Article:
Traditional industrial network models force segmentation and traffic management by function and geographic area based on the limited capacity of each individual network. Ethernet, on the other hand, doesn’t have these limits and enables a mix of industrial, commercial and business systems and devices on the same network. While Ethernet’s flexibility and expandability provides great benefits, users who implement a converged Ethernet network must employ best practices and planning to effectively segment and structure the network. Effective design will help ensure correct traffic flow, network performance, security and other attributes that are important in the network’s operation.  
Industrial Layer 3 Switches Further Expand Ethernet Frontier
Designing and deploying a robust and secure network infrastructure requires protecting the integrity, availability and confidentiality of control and information data. At the same time, establishing smaller LANs helps manage these different types of network traffic, while creating domains of trust to limit access to authorized personnel. These practices require a new segmentation methodology.
While users traditionally segmented networks by location, they can now segment by function. That’s because VLANs (virtual local area networks) provide traffic segmentation like separate networks did, enabling users to logically segment areas of control to increase performance and minimize network latency and jitter (see Figure 2).
Figure 2: Layer 2 and Layer 3 managed switches enable users to logically segment areas of control, as shown by the colored groupings.
Once users think beyond traditional geographic boundaries, they can start engineering some truly innovative logical network architectures, freeing network design from the constraints of physical layout. Taking advantage of this new segmentation methodology combines the simplicity and maintainability of many individual networks with the power and flexibility of a single network design.
This is where industrial Layer 3 switching technology plays a vital role in communicating and routing traffic. A Layer 3 switch can route traffic between and across VLANs based on IP addresses. This enables a more flexible segmentation model that directs traffic only to where it is needed.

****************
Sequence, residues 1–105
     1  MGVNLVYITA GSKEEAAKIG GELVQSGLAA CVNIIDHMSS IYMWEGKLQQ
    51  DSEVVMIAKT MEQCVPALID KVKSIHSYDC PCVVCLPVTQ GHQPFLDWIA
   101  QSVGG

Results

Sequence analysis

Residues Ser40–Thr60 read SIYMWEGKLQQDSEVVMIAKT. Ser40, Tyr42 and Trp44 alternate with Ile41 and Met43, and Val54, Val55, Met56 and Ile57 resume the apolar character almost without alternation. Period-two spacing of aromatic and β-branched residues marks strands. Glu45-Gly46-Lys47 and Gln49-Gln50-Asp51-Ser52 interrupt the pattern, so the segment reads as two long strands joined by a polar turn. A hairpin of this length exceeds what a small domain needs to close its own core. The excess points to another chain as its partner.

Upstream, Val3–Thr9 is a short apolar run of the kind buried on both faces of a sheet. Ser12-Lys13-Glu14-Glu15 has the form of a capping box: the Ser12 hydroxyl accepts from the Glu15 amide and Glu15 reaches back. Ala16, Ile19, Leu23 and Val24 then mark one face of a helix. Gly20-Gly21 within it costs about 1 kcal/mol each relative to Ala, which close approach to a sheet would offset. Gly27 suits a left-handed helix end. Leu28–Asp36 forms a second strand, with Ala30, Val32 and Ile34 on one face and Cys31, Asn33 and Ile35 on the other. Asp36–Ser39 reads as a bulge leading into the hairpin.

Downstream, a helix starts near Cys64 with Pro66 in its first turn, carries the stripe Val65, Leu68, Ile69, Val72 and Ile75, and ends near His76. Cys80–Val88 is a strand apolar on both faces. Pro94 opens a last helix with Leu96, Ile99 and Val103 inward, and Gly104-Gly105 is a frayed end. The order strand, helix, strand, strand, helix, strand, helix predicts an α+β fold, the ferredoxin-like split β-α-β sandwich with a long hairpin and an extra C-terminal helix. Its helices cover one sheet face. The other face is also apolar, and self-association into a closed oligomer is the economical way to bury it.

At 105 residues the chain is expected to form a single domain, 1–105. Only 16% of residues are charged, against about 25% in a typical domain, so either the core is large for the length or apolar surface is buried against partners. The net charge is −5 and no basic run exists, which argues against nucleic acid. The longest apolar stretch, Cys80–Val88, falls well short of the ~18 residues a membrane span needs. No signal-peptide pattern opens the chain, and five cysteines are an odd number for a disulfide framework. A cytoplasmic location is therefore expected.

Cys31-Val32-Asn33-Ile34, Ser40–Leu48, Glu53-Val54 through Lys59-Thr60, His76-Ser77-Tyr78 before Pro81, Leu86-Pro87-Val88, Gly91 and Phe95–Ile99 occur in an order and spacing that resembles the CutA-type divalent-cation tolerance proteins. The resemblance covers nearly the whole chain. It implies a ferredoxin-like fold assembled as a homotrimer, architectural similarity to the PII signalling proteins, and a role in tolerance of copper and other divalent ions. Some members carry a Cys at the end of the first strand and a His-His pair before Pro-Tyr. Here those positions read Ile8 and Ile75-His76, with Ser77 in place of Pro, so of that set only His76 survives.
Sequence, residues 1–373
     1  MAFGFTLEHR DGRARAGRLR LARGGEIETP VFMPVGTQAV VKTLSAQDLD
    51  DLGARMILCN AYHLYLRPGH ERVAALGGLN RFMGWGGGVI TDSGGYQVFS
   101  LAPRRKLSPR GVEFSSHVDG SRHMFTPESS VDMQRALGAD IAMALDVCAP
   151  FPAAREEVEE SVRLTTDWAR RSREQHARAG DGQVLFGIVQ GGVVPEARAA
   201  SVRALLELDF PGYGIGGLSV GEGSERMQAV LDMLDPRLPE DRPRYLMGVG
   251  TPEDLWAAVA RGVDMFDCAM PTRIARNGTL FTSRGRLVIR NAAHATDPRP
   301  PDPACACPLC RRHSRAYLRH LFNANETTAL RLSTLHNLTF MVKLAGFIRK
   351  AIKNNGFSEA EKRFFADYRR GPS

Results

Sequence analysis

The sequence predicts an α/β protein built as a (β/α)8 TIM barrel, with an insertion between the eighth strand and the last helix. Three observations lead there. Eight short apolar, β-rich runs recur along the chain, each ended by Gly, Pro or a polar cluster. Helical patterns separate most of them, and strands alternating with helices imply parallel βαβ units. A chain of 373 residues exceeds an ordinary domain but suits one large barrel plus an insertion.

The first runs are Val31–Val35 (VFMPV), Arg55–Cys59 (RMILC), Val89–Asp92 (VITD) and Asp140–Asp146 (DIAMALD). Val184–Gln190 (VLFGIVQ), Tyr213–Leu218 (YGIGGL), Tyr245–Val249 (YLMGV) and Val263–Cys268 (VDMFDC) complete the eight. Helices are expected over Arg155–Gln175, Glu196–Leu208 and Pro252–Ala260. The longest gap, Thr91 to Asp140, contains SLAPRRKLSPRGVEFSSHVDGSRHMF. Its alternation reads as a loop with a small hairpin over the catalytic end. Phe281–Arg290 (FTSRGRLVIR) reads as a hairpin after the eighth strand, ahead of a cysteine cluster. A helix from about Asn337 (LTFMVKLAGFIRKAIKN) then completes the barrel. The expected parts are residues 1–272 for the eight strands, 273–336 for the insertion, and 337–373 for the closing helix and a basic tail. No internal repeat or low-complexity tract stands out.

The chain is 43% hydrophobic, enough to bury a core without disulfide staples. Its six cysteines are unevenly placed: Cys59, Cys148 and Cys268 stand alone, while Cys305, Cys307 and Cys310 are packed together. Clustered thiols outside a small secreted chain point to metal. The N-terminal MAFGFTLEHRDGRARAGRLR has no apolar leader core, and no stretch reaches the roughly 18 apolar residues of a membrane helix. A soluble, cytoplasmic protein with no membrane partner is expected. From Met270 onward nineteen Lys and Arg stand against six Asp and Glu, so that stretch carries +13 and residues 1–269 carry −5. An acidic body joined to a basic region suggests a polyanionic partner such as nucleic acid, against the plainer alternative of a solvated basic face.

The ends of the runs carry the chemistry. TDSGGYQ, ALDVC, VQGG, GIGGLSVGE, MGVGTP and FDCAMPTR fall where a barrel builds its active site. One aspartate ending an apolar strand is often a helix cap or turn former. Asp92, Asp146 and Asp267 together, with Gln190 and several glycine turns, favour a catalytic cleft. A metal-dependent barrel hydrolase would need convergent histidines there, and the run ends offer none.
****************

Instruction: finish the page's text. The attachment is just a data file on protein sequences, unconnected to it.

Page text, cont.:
There are a number of routing protocols that have been developed that allow Layer 3 switches and routers to reliably route packets to their destination based on IP address. These routing protocols allow various devices to communicate and maintain viable routes between each other so that packets can always be forwarded if a viable path exists even as connections or devices fail.
The choice of routing protocol, and the configuration and maintenance of the Layer 3 switches and routers typically raise a point of contention between manufacturing and IT personnel. Control engineers require Ethernet switches to meet the functional and environmental requirements of manufacturing, such as ease of use, maintainability and use in harsh or hazardous locations. Meanwhile, IT professionals prefer Ethernet switches that support their infrastructure and security strategies, and use the same software and programming tools that they already are familiar with. Because EtherNet/IP uses Standard Ethernet and IP services, users don’t need special switches or proxies to route data between VLANs and subnets. In addition, both IT and control engineers work with the tools and products they are comfortable using.
Technology Commonality
Fortunately, advances in industrial Ethernet switch technology are providing the functionality and tool sets that address the needs of both manufacturing and IT. Case in point: The Allen‚ÄëBradley® Stratix 8300™ Layer 3 managed industrial switch from Rockwell Automation. The switch uses the Cisco Catalyst operating system and can be programmed using Cisco’s command line interface (CLI), providing IT engineers with the same programming and configuration tools they already use today.
The Stratix 8300 switch also can be programmed using the Rockwell Software® RSLogix™ 5000 software, a design environment that is very familiar to manufacturing and control engineers.
With its support of inter-VLAN routing and advanced routing protocols, the industrially hardened Stratix 8300 switch allows users to integrate multiple Cell/Area zones across the plant and facilitate secure integration with networks at the manufacturing and enterprise levels.
The industrial hardening and modular port count of the Stratix 8300 offers more freedom to locate the switch closer to the application, and provides an economical solution to create smaller network segments when needed. Its Cisco technology enables the Stratix 8300 to easily complement existing Cisco switches and routers and Allen-Bradley’s Stratix 8000 layer 2 industrial counterparts.
The converged EtherNet/IP model provides manufacturers with increased access to plant-floor data, helping them make more accurate, informed decisions while optimizing internal assets and resources. With all devices connected to the common network infrastructure, network security and access management is simplified. At the same time, having common programming and configuration tools for both manufacturing and IT encourages greater collaboration, allowing them to coexist and work toward the common goals and objectives of their business.